This spring, as COVID-19 cases multiplied across the nation, the Northern Nevada Society for the Prevention of Cruelty to Animals faced the challenge of finding homes for more than 100 dogs that came from the same property in Churchill County.
The canines were corgi, schipperke, pug, terrier, and Pomeranian mixes. The Fallon Animal Welfare group couldn’t handle a pack that large. They were small dogs, but in the middle of a pandemic, getting them adopted could be a big problem.
The pups lived outdoors on a farm and weren’t used to being indoors or around people they didn’t know. They would have to be checked out by a veterinarian and become “socialized” by working with their keepers while in the shelter. Prospective adopters would have to pick an animal online rather than in person.
“The dogs had been well cared for, (but) their guardian was in over her head,” explained Laura Van Antwerp, SPCA communications manager. She said the property owner wasn’t a dog “hoarder” who collected the animals. She had started out with a few mixed-breed pups. None were spayed or neutered. Nature took its course.
“Because none of the dogs were fixed, the population had grown dramatically,” Van Antwerp said. The property owner’s days were spent caring for the animals who roamed around the farm and gathered together at feeding times. It was a barking, yapping, affectionate menagerie, but the woman was getting overwhelmed. She needed help, but feared for the fate of her pets.
SPCA makes a promise
“In talking to (the property owner), we could sense she was hesitant to let them go. Would we make sure they didn’t get euthanized? Would they all be OK? We promised her not only would they be happy and healthy, but we would make sure each and every dog went home to a wonderful, loving family.” — Laura Van Antwerp, SPCA communications manager.
Each week during the summer, staffers from the Fallon Animal Welfare Group brought five to 10 dogs to the Reno shelter. Because of Covid-19, resources were tight, the SPCA couldn’t care for more than just a few at a time.
“While the dogs were sweet and friendly, many were extremely fearful, anxious, and under-socialized,” Van Antwerp said. “So our team went above and beyond to help them build confidence and feel loved.”
One-by-one, the animals’ portraits were posted on the internet. Prospective adopters shopped for their new family members with the clicks of a mouse.
By autumn, the more than 100 dogs became more than 100 happy endings.
Pensive pup adopts a family
“It took three different tries to get a puppy,” said Dobnei Remington of Reno, who searched the SPCA website in June. “We knew we wanted a small dog and we applied as fast as we could, but the puppies were adopted fast.”
The family already had two larger dogs, but Remington wanted her two children to “have the puppy experience.” Her patience paid off. On their third try, the family adopted Millie, a schipperke who looks like a little black corgi. They picked up the two-month-old pup without telling the children.
“When we got home, the children went wild; they just adored her,” Remington said. Based on the dog’s behavior in the shelter, staff members warned the family that the pup would be shy, timid and nervous. Yet, Millie acclimated quickly to her new surroundings. These days, the puppy wrestles with the family cat, who is about her size, and then cuddles up to nap with the feline. The larger dogs accepted their new sister right away.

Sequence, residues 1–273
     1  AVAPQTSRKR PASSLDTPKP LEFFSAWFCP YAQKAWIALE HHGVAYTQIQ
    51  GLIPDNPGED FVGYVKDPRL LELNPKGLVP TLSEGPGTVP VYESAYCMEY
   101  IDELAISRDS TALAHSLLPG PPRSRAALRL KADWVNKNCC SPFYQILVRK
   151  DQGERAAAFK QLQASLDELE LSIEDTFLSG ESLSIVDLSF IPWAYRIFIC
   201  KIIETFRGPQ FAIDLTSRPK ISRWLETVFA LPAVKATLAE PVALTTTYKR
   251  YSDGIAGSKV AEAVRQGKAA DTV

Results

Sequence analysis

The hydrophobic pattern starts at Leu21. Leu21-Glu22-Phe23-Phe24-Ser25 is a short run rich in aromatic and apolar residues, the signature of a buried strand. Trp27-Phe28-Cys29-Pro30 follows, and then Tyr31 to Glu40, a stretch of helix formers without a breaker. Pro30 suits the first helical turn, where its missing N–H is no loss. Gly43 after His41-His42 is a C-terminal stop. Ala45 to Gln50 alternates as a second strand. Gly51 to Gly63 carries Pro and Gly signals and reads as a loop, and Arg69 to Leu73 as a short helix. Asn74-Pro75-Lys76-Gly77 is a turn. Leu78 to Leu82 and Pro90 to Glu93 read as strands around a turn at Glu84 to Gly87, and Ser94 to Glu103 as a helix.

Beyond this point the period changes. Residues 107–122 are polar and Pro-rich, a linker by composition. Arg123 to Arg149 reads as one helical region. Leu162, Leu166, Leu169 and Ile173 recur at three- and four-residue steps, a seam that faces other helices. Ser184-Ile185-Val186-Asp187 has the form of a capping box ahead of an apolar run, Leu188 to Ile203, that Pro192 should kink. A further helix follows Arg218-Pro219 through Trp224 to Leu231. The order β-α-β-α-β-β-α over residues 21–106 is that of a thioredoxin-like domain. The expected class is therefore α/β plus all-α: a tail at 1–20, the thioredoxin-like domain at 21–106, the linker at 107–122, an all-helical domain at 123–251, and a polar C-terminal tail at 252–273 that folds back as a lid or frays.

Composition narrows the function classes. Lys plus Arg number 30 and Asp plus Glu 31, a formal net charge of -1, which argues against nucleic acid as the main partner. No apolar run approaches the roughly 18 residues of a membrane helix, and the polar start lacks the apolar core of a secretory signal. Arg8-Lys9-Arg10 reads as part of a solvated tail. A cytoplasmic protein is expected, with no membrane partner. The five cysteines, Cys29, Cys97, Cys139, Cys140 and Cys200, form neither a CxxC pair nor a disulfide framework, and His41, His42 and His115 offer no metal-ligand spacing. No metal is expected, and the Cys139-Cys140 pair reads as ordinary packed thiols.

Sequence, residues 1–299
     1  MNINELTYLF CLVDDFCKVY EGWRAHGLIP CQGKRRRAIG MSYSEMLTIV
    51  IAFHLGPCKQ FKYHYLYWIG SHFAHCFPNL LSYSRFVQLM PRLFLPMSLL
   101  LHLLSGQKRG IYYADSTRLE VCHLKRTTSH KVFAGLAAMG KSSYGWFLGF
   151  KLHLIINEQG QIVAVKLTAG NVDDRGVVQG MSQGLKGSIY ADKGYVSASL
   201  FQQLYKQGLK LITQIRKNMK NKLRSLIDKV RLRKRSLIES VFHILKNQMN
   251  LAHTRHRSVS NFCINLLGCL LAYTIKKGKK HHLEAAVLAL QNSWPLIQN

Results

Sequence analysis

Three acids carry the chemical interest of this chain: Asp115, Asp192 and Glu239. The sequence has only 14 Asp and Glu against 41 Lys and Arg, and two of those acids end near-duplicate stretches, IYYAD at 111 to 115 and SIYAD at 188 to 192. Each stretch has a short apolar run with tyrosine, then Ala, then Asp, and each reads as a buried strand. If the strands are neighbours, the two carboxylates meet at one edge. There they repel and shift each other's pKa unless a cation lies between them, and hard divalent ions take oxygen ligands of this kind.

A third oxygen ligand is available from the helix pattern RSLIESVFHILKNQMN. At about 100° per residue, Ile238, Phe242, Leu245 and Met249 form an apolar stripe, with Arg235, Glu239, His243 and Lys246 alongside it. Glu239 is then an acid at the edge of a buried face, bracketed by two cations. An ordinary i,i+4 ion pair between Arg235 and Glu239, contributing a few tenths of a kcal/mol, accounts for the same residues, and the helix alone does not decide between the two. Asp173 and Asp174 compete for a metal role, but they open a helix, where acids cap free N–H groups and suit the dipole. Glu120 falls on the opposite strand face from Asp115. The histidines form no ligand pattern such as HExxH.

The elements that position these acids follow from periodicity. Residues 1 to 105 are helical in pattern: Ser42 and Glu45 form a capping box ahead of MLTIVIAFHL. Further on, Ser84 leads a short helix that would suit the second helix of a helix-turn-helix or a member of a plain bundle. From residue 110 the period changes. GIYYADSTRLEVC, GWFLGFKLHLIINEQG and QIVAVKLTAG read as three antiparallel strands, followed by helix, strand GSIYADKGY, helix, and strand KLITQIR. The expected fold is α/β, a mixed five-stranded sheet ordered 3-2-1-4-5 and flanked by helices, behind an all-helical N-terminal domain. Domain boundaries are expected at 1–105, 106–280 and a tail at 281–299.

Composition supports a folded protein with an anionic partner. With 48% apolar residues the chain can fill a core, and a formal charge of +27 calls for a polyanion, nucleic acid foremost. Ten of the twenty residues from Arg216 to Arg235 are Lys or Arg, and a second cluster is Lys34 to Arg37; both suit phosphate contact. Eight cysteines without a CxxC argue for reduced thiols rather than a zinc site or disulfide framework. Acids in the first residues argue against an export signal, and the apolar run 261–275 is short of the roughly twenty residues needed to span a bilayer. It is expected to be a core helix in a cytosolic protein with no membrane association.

Hadley, 4, hugs Millie gently. Preston, 8, noticed that Millie has different barks for different situations. As Remington spoke during a recent phone interview, Preston and Millie could be heard in the background carrying on a conversation in fluent dog talk. “Millie was never really timid with us,” Preston said. “She fit right in.”
Older dogs also fared well
Maria Agurto and her husband, Joe Ireland, also got the older pup they wanted. They adopted Bumi, 4, another schipperke mix, during the summer. Bumi was nervous in his new home at first, but he adapted over time.
“These dogs were raised outside, so they didn’t know how to act inside a home,” Agurto said. “Working it out was a little hard at first, but we have another rescue dog that was very similar.” The couple was warned that the animal might be afraid to be held and petted. “He was withdrawn,” Agurto said. “But now he is very cuddly, very sweet.”
She said it took weeks to get Bumi house trained, but it was worth the effort. “It doesn’t happen overnight with a rescue dog,” she said. “You need to be very patient. He’s learning and we can already tell he’s a great dog.”
Society needs community support
VanAntwerp said challenges like the 100-dog rescue come up frequently in Nevada, but few shelters can handle such situations. As a no-kill facility, the Northern Nevada SPCA is committed to finding forever homes for all the creatures in its care.
“It was a bit harder for us this time due to the (pandemic) restrictions,” she said. “The property owner lives in a rural area where affordable spay and neuter surgeries are not accessible. It’s also a reason why we promote spaying and neutering pets, as well as offering affordable services because when people can’t afford it this is the type of thing that happens.”
She said the SPCA is asking residents to donate to help the society continue its work, particularly before “Giving Tuesday,” Dec. 1, when all donations will be matched dollar-for-dollar.